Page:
For community cancer centers that rely on patient reimbursement to stay afloat, a smart data-driven approach to clinical trials provides a foundation for future growth.
By TANDY TIPPS and BRENDA NOGGY
Covid-19’s tragic, devastating impact on cancer treatment is now well documented. Cancer screenings dropped by almost 90 percent at the peak of the pandemic. Billing for some leading cancer medications dropped 30 percent last summer. Studies found a 60 percent decrease in new clinical trials for cancer drugs and biological therapies.
Cancer centers, like every part of the US health system, have a lot of ground to make up. Those community cancer centers without grants and other institutional advancement funds, experience financial and human resources as major constraints to charting a path to growth. For them, successful programs which generate revenues for expansion or break even help them maintain fiscal health. Often, unfortunately, too often their research programs lose money.
Clinical trials have not been a viable revenue source because of the difficulty in accurately predicting patient enrollment and the challenges of managing trial portfolios, a task that requires streamlined feasibility processes that include querying baseline populations for new trials and potentially eligible patients.
The hard work of patient screening and trial matching requires clinical coordinators, physician investigators and research support staff to spend between three to eight manually scouring databases of electronic medical records and unstructured files to find patients eligible for trials based on increasingly complex inclusion and exclusion criteria. This costly process does not take into consideration the pre-screening efforts in patient matching that may not be reimbursable.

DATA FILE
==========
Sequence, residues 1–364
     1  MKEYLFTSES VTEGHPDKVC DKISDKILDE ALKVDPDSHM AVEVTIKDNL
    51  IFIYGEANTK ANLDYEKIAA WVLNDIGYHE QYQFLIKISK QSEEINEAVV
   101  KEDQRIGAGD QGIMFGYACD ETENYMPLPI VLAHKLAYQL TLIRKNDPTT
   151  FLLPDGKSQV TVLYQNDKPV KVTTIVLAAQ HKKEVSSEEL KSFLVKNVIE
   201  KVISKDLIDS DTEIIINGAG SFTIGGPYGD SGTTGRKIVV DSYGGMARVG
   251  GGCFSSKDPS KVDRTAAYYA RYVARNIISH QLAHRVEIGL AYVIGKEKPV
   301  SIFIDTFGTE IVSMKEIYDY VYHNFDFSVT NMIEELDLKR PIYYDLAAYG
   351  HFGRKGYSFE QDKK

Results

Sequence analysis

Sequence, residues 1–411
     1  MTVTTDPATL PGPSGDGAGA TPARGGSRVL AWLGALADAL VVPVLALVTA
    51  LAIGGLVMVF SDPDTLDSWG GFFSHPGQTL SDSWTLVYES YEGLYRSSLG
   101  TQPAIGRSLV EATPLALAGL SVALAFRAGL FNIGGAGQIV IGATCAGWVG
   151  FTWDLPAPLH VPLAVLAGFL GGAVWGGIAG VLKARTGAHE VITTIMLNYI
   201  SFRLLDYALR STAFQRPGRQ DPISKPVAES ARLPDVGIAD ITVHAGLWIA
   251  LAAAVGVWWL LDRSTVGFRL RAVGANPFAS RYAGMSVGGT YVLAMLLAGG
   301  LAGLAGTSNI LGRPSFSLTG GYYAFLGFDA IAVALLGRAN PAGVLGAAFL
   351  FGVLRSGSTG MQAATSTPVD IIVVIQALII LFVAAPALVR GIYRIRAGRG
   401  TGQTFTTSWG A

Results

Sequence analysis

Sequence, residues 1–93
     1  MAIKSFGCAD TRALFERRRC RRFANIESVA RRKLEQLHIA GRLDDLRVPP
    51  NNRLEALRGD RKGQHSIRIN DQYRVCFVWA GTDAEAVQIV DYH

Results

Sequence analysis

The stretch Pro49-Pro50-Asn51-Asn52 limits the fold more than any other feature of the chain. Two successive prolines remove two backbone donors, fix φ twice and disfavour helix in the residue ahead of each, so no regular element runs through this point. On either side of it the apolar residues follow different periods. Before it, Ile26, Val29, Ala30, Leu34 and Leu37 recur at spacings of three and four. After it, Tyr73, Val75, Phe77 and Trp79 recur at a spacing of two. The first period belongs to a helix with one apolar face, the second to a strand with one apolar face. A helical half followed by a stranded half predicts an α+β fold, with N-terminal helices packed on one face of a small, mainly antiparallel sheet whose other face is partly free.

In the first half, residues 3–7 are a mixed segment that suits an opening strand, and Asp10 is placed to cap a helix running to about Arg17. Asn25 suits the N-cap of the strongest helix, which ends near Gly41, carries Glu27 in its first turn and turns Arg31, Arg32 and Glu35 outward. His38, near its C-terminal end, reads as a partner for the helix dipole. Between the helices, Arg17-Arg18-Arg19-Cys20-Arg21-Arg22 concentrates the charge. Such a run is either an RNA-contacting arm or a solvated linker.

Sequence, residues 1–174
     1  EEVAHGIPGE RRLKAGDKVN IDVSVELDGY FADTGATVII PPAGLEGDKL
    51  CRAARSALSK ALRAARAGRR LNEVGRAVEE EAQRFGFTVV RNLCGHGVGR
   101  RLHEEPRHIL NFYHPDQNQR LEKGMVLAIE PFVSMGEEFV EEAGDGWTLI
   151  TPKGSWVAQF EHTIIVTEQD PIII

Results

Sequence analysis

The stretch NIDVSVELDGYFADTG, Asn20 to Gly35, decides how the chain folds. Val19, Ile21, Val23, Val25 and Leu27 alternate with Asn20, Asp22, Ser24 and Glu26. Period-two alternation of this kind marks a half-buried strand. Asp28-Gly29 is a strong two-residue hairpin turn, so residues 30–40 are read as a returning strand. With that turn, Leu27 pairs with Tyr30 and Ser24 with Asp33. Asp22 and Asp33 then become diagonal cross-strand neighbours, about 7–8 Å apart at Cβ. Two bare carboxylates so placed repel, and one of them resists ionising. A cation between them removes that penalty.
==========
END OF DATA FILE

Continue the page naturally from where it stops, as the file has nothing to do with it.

Resources are also needed to implement feasibility processes to accurately predict how many patients might enroll in a trial if they are eligible. Most community-based sites do not have an accurate ability to query their current patient populations by disease cohort or mutation in real time. They often rely on physicians’ memories to estimate patient numbers for trial feasibility questionnaires, which must returned to sponsors quickly, usually before cancer centers have definitive recruitment numbers.
As a result, before COVID, an average of only 5 percent of patients had a chance of participating in trials, 50 percent of clinical trials failed to meet enrollment goals and less than 14 percent were completed on time. Cancer centers still incur the administrative and clinical resources required to maintain the protocols in the first place, however.
These false starts impact forecasting for future program budgets. Trial startup costs and per research patient accrual reimbursements are program revenues, after all.
Cancer centers today have a new way to address these challenges, however. They can leverage a new technology – a patient matching tool – to create more efficient and effective screening methods that will save research teams time and effort and help predict future revenue streams.
Including natural language parsers, optical character recognition and machine learning, these AI-related technologies match a proposed trial against cancer center patient populations to determine, with the oversight of center nurses, doctors and staff, whether it might successfully recruit patients quickly and efficiently.